Bizarre prep football year made it fun

Published 12:00 am Wednesday, March 14, 2007

The postseason is here and so are the awards. All that means is another high school football season is in the books.

And what a bizarre season it was.

Injuries played a big part in the success of a lot of teams. South Point had three or more starters out each week for most of the season. Rock Hill lost its number one threat Josh Moore for four weeks and the Redmen, not so coincidently, went into a tailspin.

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Ironton had an unusual amount of ankle injuries, but there might have been a bad omen to tip off the Fighting Tigers. Offensive line coach Joe Rowe was the first victim when he suffered a broken ankle in the preseason.

Another area that affects all games is turnovers. In the NFL, 97 percent of the time, a team that wins the turnover stat usually wins the game.

That is true at most levels including high school.

The biggest example is the South Point-Coal Grove game. The Hornets had nearly 100 more yards of total offense but lost 41-15 to South Point due to 11 turnovers.

Playoff shortage

For the first time since the playoffs expanded to eight teams in 1999, only one team from Lawrence County made the playoffs and no teams from Scioto County.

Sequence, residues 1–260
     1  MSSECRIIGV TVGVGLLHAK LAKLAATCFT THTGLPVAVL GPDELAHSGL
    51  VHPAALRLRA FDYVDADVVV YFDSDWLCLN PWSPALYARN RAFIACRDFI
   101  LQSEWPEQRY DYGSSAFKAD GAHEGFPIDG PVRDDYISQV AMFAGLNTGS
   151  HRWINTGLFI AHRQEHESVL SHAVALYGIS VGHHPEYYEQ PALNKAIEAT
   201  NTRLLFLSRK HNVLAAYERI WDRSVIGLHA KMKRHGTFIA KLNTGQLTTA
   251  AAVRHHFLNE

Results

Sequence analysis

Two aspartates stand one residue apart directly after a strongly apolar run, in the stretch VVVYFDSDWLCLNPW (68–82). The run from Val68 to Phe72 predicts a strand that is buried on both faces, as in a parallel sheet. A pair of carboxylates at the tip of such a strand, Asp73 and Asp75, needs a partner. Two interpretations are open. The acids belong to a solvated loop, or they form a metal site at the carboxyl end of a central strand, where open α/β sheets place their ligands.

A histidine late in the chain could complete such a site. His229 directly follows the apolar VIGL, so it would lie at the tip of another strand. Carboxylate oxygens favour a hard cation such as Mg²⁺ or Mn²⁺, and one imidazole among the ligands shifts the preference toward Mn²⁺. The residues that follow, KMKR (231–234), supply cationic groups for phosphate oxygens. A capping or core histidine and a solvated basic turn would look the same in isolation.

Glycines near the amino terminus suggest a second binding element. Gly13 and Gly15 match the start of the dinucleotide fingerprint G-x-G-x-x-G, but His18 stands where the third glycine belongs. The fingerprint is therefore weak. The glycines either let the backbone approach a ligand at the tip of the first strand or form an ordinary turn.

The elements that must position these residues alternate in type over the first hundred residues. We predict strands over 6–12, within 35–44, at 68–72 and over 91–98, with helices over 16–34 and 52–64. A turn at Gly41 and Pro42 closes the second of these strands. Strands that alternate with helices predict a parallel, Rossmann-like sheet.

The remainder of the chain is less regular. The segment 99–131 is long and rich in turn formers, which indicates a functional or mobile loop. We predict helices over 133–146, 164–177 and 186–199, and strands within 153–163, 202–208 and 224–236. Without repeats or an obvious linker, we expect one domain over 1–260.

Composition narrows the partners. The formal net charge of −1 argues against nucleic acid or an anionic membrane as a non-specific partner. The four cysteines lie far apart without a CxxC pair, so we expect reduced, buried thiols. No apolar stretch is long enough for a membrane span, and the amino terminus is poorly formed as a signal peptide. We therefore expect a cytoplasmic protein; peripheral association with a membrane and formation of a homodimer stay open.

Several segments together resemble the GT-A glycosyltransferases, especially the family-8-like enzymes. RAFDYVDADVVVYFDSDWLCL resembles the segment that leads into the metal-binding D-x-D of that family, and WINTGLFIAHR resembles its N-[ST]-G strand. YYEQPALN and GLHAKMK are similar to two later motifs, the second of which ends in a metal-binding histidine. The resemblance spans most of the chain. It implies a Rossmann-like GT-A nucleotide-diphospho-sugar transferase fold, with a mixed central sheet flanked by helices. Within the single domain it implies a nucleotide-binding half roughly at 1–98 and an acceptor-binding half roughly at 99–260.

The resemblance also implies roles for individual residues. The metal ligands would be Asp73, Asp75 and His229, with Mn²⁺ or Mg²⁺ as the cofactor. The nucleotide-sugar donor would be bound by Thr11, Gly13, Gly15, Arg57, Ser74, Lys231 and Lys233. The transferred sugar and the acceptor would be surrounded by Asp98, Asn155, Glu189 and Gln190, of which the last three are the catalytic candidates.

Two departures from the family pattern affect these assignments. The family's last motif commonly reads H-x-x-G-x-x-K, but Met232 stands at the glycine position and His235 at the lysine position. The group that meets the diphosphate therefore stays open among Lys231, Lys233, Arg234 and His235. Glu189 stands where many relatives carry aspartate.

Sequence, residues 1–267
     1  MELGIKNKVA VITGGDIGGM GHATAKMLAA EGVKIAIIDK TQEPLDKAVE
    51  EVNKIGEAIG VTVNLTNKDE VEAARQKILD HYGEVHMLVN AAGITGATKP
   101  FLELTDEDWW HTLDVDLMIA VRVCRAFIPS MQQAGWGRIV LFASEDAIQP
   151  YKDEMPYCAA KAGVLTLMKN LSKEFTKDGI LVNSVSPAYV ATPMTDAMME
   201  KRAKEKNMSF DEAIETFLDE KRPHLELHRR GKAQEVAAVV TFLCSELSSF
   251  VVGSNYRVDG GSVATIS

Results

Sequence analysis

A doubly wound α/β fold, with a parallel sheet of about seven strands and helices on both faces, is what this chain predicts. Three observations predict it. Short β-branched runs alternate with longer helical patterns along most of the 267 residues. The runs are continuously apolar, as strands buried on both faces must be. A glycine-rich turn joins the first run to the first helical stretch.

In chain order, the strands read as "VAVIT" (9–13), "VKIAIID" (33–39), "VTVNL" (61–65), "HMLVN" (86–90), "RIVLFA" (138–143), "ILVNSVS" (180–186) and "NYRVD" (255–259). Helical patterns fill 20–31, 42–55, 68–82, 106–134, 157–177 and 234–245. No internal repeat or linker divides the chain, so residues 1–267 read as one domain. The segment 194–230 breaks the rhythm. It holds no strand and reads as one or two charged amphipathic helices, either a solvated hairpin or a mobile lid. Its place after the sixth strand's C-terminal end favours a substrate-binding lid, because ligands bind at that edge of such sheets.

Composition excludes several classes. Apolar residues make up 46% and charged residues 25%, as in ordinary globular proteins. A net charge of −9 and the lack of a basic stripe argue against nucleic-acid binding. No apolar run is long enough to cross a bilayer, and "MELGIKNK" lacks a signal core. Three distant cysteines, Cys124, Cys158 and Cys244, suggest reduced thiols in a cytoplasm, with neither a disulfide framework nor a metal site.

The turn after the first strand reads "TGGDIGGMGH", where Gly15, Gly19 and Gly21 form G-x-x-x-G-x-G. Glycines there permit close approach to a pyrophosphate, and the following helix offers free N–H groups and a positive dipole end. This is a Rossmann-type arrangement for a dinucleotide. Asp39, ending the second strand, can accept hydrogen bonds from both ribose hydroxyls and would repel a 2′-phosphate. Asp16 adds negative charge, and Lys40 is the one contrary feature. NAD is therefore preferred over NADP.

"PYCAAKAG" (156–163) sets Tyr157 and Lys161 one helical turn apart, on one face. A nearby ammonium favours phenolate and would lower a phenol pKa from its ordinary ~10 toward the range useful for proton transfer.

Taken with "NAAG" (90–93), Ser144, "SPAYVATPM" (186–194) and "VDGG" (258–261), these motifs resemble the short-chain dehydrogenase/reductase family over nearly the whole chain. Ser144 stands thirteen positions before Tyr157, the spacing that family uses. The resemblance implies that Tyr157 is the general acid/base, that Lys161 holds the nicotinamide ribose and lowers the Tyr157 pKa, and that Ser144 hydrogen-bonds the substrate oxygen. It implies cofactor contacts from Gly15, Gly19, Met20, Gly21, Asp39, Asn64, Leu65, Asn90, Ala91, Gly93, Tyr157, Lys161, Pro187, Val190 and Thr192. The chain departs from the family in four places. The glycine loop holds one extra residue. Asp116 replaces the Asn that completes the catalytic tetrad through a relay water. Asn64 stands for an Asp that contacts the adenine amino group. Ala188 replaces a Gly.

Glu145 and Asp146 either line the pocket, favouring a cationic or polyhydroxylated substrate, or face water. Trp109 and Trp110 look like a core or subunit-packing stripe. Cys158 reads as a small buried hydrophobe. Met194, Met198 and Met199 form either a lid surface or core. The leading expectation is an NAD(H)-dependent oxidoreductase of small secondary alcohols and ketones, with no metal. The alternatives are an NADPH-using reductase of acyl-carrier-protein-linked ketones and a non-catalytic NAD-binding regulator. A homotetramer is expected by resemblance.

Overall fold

Ironton, 6-4 in the regular season, qualified in Region 15 of Division IV for their 25th postseason appearance, second most behind Newark Catholic.

Young guns

The Ohio Valley Conference was full of young players who could make for a competitive future.

There were three freshmen who made an impact.

Coal Grove got big production from Frank Delawder down the stretch, Fairland Matt Bloomfield had big-play capabilities, and South Point’s Todd Mayo ended as his team’s leading rusher.

Fairland was loaded with young players. Quarterback Cole Hatfield led the area in passing yards and his two favorite targets were sophomores Jake Lucas and Michael Lamb.

Chesapeake also had some young players led by quarterback Aaron Donohoe.

And, Symmes Valley is in the same situation. The Vikings should return almost their entire starting lineup and they will still be just sophomores and juniors.

A lot of sophomores will probably be forced to fill holes in starting lineups next season.

Looking ahead

With young players in mind, a look toward next season gets fans excited all over again.

Ironton loses a lot of seniors and it will be a rebuilding year. Only a handful of part-time starters return.

Chesapeake, Coal Grove and Fairland may be the frontrunners in the OVC, but young talent at Rock Hill and South Point could make for a league race that is even more competitive next season than the one just completed.

Can we fast-forward to August?

Jim Walker is sports editor of The Ironton Tribune.